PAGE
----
Autopilots have been the norm in aviation for decades and the aviation sector has long experience of the benefits and challenges of automation and of effective ways of human-machine coordination. Automation is now appearing in many aspects of life – banking, autonomous vehicles, robots for the elderly, etc. This brings particular challenges – role delineation, handover between the human and the artificial agent, the operator’s understanding
of what the system is doing. Automation is a special case of human centred design – at some point the automated system has to interface with the human.
Assisted Living & Ambient Intelligence
Assisted living/residential care settings are defined as group living environments for adults with disabilities and/or older adults who require assistance with at least one activity of daily living. In many cases, older adults may have some level of cognitive and functional decline. Assisted living facilities follow a social model of care (i.e. beyond bio-medical) which is predicated on the concept of ‘home’ and ‘resident engagement’. Importantly, it is expected that residents live in an environment that resembles home and enables personal autonomy and social connection.
Ambient intelligence is a new paradigm in information technology aimed at empowering people’s capabilities by the means of digital environments that are sensitive, adaptive, and responsive to human needs, and the presence of people. Typically, context aware technology is integrated in the person’s living environment. Such technology enables an older adult to stay active for longer, remain socially connected and live independently into old age. In terms of technology, this involves the advancement of AAL/IoT/sensor-based infrastructures which make use of machine learning technology. These infrastructures connect a range of devices (i.e. TV, tablet, mobile phones etc.), sensors (environmental sensors and biosensors) and actuators as part of an IoT hub.
The advancement of assistive technology raises overarching questions in relation to the values of society and how we design technology to (1) promote positive values about ageing and (2) enhance ageing experience. Specifically, it raises fundamental questions in relation to the meaning of care and the role of people and technology in delivering care. This includes questions about what value we place on promoting autonomy and social participation for older people, protecting the personal sphere, and the importance of the human role in care (including family involvement). We should not proceed with this technology because it is available.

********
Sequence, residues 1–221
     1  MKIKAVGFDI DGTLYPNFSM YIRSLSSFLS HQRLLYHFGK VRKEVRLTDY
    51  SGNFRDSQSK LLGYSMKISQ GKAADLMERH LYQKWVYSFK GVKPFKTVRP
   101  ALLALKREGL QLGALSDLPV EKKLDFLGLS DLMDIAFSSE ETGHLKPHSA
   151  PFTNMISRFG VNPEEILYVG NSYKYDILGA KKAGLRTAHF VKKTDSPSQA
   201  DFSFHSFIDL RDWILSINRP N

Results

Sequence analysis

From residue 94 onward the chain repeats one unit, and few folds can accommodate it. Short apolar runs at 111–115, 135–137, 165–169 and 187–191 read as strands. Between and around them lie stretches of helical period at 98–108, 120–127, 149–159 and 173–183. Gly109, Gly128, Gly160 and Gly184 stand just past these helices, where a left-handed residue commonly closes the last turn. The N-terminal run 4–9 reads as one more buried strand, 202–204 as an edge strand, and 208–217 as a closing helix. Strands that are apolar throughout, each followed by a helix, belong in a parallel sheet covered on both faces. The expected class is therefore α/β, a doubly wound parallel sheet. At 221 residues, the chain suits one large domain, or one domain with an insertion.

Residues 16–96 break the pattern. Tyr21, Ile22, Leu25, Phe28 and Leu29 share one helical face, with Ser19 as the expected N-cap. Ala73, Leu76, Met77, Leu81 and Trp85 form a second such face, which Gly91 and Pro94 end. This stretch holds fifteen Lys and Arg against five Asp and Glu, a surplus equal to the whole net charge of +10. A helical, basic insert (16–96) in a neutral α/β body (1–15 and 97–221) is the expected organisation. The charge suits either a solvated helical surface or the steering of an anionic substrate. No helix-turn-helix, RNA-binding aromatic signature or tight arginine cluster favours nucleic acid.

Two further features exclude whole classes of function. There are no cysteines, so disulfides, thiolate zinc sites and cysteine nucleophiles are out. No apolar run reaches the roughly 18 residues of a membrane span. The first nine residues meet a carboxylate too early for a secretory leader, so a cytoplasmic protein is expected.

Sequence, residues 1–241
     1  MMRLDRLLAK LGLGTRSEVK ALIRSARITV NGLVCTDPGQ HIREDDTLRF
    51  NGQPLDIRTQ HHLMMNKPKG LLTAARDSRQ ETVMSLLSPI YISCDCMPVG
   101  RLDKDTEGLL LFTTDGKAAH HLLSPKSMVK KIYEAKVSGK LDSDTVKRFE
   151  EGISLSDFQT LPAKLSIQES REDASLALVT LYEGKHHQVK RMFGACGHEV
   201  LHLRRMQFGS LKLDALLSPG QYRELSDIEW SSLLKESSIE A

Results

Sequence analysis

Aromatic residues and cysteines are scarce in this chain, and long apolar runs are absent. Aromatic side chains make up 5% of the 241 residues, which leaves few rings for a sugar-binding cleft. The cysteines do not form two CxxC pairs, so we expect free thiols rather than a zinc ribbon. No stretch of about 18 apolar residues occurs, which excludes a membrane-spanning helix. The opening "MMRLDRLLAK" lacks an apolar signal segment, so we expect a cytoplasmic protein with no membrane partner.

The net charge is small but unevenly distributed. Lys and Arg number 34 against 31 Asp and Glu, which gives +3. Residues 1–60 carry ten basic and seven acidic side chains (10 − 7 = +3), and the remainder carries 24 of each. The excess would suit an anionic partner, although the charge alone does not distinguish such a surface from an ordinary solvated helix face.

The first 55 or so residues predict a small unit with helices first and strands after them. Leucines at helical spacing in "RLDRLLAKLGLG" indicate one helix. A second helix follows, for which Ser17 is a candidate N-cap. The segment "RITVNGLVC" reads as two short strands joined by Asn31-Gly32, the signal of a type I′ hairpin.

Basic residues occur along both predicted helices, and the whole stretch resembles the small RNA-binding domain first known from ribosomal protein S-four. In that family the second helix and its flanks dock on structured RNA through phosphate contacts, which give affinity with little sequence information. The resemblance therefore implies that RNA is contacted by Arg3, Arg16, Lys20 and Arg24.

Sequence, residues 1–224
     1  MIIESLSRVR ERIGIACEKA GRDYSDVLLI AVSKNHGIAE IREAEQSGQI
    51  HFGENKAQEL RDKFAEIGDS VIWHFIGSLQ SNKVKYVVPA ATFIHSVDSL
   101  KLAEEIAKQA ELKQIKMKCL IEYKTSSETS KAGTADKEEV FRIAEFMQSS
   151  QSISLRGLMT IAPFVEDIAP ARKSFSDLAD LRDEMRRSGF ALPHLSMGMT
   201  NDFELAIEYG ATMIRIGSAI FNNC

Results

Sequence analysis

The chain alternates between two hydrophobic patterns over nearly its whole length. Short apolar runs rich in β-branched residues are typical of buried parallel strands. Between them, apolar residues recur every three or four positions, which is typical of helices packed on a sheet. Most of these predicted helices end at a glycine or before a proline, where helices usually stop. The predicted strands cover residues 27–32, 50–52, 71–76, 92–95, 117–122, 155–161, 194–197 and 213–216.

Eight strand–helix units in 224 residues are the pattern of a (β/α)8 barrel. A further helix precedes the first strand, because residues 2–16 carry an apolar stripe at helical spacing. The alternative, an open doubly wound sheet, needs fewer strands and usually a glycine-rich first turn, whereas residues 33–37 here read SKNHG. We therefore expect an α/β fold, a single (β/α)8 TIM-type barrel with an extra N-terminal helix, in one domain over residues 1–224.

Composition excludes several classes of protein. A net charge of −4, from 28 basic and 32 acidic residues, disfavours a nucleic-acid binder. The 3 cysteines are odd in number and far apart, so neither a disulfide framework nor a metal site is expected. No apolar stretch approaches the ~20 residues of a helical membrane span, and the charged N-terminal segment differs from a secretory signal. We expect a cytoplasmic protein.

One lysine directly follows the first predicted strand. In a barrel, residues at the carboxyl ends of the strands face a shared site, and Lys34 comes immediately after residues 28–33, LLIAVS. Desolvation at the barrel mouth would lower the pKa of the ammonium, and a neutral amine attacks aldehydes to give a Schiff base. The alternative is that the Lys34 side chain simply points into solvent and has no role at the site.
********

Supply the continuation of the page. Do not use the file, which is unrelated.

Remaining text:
Our research at CIHS investigates the human dimensions and care implications of this technology, to ensure that that it is ethically aligned and promotes positive states for residents and other stakeholders (for example, care assistants, nurses and families). Further, our research addresses the HMI design of different AAL technologies.
Change Management and Implementation
Having acquired new technology or designed a new process, many organisations rely on a simple once-off one-way communication, such as an email, to inform staff and introduce the change. Evidence from industry is that the process of introducing change is as critical, and often more challenging, than deciding the direction of that change in the first place.
By incorporating the implementation of change into our engagement with industry, we ensure that we don’t leave clients “high and dry” with a new technology or process that fails to deliver because it is not effectively
implemented. Experience from cross-sectorial implementation projects has provided the CIHS with practical skills and methodologies for planning, executing and evaluating implementation projects in operational settings.
Communication and Coordination
One of the most common causes of both every-day nuisances and catastrophic failures in organisations is communication failure. Huge resources are poured into the design of ICT systems while human communication receive scant and amateurish attention.
We employ a range of tools that put the communication and coordination requirements front and centre of our analyses. They enable us to visualise the network of relationships, the critical communications channels, the
ones that are vulnerable, and the ones that are mission-critical. On this basis a new communications landscape can be designed – clearer protocols, agreed codes, enhanced technology and critical checks.
Training needs analyses, and training courses themselves tend to focus on the technical requirements of the job. But in most jobs the greatest challenges and the greatest opportunities for performance gain are in the non-technical skills required to do the job in a range of operational and social contexts – under time pressure, when fatigued, when the procedure is unclear or unworkable and despite tensions with colleagues.
Our competence requirements analyses are designed to capture these nontechnical skills. A particular focus is on the tacit knowledge - knowledge that is gathered on-the-job that people may not even know that they know. Our approach to competence is not individualistic (i.e. focusing on one person) but is holistic and collective. The performance of any single worker relies on inputs from other colleagues and collaborators who perform roles in other processes and sometimes in other organisations. Only by looking at the performance of all workers who contribute to an output, and the context in which the work takes place, can competence be assured.
As organisational culture becomes a pervasive explanation of organisational performance, cultural transformation seems a panacea for system problems. Culture is the link between how individuals think and act and how that sustains an organisation over time. It covers just about everything that happens in an organisation from the point of view of values, beliefs and norms of behaviour and the meanings attached to everyday things. Our understanding of the culture of organisations requires both breadth, through surveys, and depth, through interview and observation. Much of our work concerns the implementation of policies, processes, procedures and practices which can promote the positive development of an organisation’s culture.